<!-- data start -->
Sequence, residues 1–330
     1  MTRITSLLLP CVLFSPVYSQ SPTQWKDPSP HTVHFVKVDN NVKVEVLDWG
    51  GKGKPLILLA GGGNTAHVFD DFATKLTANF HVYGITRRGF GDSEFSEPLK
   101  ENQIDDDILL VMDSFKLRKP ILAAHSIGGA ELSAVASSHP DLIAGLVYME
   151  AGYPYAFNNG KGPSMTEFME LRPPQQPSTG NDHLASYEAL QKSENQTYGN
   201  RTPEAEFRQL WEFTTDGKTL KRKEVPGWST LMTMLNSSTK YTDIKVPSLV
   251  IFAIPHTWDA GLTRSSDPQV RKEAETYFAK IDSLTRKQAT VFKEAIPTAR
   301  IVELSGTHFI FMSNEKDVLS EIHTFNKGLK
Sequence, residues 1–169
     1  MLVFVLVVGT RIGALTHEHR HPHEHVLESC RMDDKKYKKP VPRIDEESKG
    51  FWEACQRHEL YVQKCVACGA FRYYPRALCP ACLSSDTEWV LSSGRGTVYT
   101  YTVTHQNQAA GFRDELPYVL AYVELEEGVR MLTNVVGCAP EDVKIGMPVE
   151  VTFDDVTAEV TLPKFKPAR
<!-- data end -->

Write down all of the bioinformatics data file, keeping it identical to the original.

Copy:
Sequence, residues 1–330
     1  MTRITSLLLP CVLFSPVYSQ SPTQWKDPSP HTVHFVKVDN NVKVEVLDWG
    51  GKGKPLILLA GGGNTAHVFD DFATKLTANF HVYGITRRGF GDSEFSEPLK
   101  ENQIDDDILL VMDSFKLRKP ILAAHSIGGA ELSAVASSHP DLIAGLVYME
   151  AGYPYAFNNG KGPSMTEFME LRPPQQPSTG NDHLASYEAL QKSENQTYGN
   201  RTPEAEFRQL WEFTTDGKTL KRKEVPGWST LMTMLNSSTK YTDIKVPSLV
   251  IFAIPHTWDA GLTRSSDPQV RKEAETYFAK IDSLTRKQAT VFKEAIPTAR
   301  IVELSGTHFI FMSNEKDVLS EIHTFNKGLK
Sequence, residues 1–169
     1  MLVFVLVVGT RIGALTHEHR HPHEHVLESC RMDDKKYKKP VPRIDEESKG
    51  FWEACQRHEL YVQKCVACGA FRYYPRALCP ACLSSDTEWV LSSGRGTVYT
   101  YTVTHQNQAA GFRDELPYVL AYVELEEGVR MLTNVVGCAP EDVKIGMPVE
   151  VTFDDVTAEV TLPKFKPAR